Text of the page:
Kenji Yoshino Questions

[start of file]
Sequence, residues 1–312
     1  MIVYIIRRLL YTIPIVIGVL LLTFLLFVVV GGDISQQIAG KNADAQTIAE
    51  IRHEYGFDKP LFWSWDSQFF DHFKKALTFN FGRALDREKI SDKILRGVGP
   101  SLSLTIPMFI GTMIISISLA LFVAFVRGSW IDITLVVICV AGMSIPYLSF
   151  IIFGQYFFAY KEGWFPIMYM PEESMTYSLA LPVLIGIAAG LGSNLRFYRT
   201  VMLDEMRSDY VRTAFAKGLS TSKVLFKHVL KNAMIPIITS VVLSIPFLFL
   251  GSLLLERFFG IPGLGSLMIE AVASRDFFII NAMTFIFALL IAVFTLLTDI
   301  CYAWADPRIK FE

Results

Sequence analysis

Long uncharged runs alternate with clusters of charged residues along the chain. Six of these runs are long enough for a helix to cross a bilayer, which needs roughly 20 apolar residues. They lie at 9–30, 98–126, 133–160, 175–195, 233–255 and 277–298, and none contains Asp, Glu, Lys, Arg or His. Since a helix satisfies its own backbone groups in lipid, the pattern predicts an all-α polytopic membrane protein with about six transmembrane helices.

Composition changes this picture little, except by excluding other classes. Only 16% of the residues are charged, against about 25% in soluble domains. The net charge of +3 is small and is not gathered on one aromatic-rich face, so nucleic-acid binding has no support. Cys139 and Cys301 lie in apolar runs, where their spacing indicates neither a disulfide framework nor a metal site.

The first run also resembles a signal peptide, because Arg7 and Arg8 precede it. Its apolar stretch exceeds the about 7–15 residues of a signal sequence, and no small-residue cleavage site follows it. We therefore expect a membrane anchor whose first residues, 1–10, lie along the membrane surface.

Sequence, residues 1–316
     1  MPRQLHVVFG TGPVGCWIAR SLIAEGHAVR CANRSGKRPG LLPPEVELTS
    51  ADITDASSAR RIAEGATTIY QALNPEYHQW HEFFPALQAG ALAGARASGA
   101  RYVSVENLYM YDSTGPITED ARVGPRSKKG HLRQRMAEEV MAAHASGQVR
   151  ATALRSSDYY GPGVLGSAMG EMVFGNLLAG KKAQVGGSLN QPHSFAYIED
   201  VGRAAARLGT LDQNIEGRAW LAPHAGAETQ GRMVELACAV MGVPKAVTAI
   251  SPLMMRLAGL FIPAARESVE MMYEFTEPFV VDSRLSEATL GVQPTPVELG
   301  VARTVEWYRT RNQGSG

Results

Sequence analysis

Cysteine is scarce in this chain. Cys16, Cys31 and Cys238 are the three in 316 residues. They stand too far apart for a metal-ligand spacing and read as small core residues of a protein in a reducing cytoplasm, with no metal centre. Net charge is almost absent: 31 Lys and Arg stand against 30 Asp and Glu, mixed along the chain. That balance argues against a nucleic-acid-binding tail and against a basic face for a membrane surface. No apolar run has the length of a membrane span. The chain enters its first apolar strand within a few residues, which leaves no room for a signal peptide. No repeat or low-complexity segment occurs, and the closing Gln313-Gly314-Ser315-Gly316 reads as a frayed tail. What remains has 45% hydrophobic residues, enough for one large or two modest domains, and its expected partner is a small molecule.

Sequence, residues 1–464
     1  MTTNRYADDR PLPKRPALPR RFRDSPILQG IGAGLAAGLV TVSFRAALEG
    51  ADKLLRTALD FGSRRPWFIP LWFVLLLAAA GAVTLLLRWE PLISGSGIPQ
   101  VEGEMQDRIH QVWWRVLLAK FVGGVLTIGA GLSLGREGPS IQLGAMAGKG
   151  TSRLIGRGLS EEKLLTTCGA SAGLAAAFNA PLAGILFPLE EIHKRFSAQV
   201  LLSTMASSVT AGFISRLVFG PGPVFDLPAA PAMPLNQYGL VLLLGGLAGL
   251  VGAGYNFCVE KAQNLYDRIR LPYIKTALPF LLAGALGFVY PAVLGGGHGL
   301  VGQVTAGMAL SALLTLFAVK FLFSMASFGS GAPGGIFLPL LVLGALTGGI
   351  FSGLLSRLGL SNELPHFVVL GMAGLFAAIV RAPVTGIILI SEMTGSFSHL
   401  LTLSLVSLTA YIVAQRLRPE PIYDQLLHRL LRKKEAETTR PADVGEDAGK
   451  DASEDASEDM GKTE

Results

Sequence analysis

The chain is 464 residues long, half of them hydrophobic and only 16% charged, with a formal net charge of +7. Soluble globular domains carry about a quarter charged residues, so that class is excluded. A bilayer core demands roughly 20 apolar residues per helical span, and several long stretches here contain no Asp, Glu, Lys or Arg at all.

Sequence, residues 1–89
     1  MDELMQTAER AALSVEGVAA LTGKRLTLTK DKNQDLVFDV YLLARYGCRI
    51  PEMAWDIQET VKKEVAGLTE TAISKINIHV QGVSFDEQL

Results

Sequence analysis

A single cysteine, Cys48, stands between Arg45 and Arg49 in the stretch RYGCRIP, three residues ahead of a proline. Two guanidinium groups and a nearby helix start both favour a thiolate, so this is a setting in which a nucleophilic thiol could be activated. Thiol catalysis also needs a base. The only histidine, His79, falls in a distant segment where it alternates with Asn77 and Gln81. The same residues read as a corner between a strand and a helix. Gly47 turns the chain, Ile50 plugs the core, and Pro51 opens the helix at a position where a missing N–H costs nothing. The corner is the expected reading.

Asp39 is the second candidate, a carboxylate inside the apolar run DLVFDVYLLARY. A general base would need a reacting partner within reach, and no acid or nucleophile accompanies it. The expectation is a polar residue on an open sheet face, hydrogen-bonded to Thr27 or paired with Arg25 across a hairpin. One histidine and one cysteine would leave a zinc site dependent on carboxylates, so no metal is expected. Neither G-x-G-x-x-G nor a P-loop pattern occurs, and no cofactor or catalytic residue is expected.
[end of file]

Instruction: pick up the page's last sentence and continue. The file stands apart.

A.)   “Covering has enjoyed such a robust and stubborn life because it is a form of assimilation.  At least since Hector St. John de Crevecoeur’s 1782 Letters from an American Farmer, this country has touted assimilation as the way Americans of different backgrounds would be “melted into a new race of men.” By the time Israel Zangwill’s play of that name was performed in 1908, the “melting pot” had acquired the burnish of an American ideal. Only with the civil rights movement of the 1960s was this ideal challenged in any systematic way, with calls to move “beyond the melting pot” and to “celebrate diversity.” Yoshino also says in paragraph 7 that “covering is a hidden assault on our civil rights.” When I think of covering I really think of a way to hide your true self and being distant from people or something.